Jeff Sessions Compares Student Protesters to Ku Klux Klan Members at Free Speech Event

09_26_Jeff_Sessions_free speech
Attorney General Jeff Sessions speaks at the Justice Department during a vigil ceremony marking the September 11 attacks. On September 26, he spoke at Georgetown University about free speech on college campuses. Zach Gibson/Getty

The Department of Justice will begin involving itself in lawsuits regarding the free speech rights of college students, Attorney General Jeff Sessions said Tuesday at the Georgetown University Law Center in Washington.

"Staring today, the Department of Justice will do its part in this work," Sessions said at an event hosted by the Georgetown Center for the Constitution. "We will enforce federal law, defend free speech and protect students' free expression from whatever end of the spectrum it may come. To that end, we are filing a statement of interest in a campus free speech case this week, and we will be filing more, I'm sure, in the weeks to come."

Related: Milo's 'Free Speech Week' lasted about half an hour

The speech came two days after a "Free Speech Week" was supposed to start at the University of California, Berkeley. On Monday, conservative political commentator and media personality Milo Yiannopoulos went to the California university to speak, months after violent protests shut down a previous event that was to feature him. But organizers canceled the week's events.

On Tuesday, Sessions told an anecdote about how young people at a public college in Michigan were jailed for distributing copies of the U.S. Constitution. "Freedom of thought and speech on the American campus are under attack," he said. Campuses are "transforming into an echo chamber of political correctness and homogenous thought, a shelter for fragile egos," he added.

At one point, the attorney general compared mask-wearing activists who were attempting to shut down an event at Middlebury College to members of the Ku Klux Klan, even though it could be argued that they were exercising their First Amendment rights. After activists prevented people who were scheduled to debate from doing so and they tried to move to another location, he said, "the protesters, many wearing masks, a common tactic used by the detestable Ku Klux Klan, pulled fire alarms, surrounded the speakers and began physically assaulting them." (The college said in May it would discipline 74 students for the incident, which occurred in March.)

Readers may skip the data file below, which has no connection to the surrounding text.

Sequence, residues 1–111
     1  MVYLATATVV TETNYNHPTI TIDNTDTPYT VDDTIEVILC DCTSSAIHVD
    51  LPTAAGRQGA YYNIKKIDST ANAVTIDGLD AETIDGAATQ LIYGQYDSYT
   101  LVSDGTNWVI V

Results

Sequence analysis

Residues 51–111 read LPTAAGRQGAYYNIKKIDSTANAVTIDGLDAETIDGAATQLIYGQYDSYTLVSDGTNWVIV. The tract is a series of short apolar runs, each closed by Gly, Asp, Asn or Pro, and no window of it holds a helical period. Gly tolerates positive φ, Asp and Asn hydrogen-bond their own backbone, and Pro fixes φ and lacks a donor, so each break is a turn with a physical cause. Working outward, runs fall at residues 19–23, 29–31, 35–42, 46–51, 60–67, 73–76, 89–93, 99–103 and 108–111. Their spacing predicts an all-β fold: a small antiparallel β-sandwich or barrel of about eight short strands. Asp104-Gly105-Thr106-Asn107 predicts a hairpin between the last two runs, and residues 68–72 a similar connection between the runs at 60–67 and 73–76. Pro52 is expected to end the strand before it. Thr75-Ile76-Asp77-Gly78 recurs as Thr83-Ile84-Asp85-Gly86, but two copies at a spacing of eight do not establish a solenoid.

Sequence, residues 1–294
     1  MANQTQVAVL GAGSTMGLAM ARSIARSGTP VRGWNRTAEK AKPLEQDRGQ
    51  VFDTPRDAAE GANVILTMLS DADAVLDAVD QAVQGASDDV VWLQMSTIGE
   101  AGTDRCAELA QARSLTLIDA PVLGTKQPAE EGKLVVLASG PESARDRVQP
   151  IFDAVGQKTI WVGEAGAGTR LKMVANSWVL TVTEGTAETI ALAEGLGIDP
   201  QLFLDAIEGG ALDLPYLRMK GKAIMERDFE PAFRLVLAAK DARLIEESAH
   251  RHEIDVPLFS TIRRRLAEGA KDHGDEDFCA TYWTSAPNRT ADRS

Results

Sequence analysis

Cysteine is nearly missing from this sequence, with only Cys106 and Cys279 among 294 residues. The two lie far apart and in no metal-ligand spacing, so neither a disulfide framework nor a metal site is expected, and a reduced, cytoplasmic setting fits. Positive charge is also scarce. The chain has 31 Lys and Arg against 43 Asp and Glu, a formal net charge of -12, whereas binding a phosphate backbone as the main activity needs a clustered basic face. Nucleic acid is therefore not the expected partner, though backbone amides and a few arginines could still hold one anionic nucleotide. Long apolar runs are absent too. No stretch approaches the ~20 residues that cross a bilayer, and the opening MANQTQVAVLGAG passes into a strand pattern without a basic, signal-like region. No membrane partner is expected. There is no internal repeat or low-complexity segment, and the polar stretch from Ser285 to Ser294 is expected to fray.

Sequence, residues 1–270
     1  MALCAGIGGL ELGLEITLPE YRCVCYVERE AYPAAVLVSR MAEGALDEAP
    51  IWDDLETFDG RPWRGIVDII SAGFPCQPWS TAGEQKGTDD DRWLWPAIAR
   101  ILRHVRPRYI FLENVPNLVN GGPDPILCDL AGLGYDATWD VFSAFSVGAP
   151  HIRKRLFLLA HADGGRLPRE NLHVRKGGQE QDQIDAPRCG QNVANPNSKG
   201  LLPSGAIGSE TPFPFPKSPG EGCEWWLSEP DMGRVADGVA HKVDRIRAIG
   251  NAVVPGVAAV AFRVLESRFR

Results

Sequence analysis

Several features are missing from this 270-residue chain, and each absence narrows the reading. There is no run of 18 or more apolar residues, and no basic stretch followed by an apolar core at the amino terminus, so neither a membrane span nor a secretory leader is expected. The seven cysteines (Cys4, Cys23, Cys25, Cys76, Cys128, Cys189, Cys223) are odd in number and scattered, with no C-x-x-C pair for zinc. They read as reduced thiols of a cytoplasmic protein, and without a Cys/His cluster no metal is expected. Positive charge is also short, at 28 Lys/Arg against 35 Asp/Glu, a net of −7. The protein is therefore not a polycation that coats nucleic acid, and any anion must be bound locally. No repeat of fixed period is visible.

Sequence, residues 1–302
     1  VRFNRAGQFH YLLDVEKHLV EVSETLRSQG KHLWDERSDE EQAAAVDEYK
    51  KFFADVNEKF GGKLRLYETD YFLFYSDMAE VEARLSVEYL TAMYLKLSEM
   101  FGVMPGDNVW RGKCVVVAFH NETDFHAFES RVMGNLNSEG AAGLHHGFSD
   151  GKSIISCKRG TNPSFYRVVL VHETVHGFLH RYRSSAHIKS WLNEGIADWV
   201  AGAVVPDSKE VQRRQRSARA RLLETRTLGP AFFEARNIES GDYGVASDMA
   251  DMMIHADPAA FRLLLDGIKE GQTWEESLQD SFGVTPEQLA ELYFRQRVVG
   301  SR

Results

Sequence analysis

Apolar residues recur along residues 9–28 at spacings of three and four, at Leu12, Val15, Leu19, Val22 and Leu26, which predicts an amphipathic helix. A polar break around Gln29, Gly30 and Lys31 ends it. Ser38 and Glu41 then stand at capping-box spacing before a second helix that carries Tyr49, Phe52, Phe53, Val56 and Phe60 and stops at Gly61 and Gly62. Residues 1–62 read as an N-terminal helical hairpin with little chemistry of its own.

During a question and answer period following his remarks, Sessions said the case for which the Justice Department will submit a brief involves a Christian group. The Justice Department later said in a statement that the case, Uzuegbunam v. Preczewski, was filed by students at Georgia Gwinnett College. The students alleged that the college restricted their right to practice free speech.

Filing a statement of interest in a lawsuit does not mean that the Justice Department becomes a party in the case. Since President Donald Trump took office, the department has filed briefs in cases opposing workplace protections for people on the basis of sexual orientation and in support of a baker who would not sell a wedding cake to a gay couple.

Some who track free speech have pointed out that it is not only people on the political left who are allegedly infringing on free speech but also people on the right. Since the 2016 presidential election, Republican lawmakers in at least 18 states have introduced or voted on legislation to rein in protests, The Washington Post reported in February.

The event on Tuesday drew its own protests. "We condemn the hypocrisy of Attorney General Sessions speaking about free speech," members of the Georgetown Law Center said in a statement. They noted that Trump has seemed to condemn free speech by criticizing professional athletes for protesting during the national anthem. They also pointed to the ongoing case involving Desiree Fairooz, who was arrested for protesting during the Sessions's confirmation hearing in January. In addition, they brought up the Justice Department's asking a web-hosting platform for information about visitors to an anti-Trump website, part of an ongoing case involving Inauguration Day protests.

"A man who fails to recognize paradigmatic violations of the First Amendment is a poor choice to speak about free speech on campuses," the statement said.

Outside of the Georgetown Law Center, protesters each went down on one knee, a reference to what professional athletes have done during the national anthem, initially because of what athlete Colin Kaepernick once said was "a country that oppresses black people and people of color." Such protests have become more widespread since last Friday, when Trump said at a rally in Alabama that the National Football League should fire those who don't stand for the anthem.

Session responded to a question at Georgetown about the NFL, saying, "It is a big mistake to protest in that fashion.... Of course, the players aren't subject to any prosecution, but if they take a provocative act, they can expect to be condemned."

Georgetown is grappling with its own issues related to free speech on campus. The Foundation for Individual Rights in Education, a nonprofit that defends the rights of people on college and university campuses, has given Georgetown a "red" rating and said it restricts freedom of speech.

Last Friday, protesters interrupted former FBI Director James Comey as he took the podium to speak at Howard University, not far from Georgetown. After about 15 minutes, Comey said, "I love the enthusiasm of the young folks.... I just wish they would understand what a conversation is." He went on to give his prepared remarks, straining over the chanting of the activists, which continued for the duration of his speech.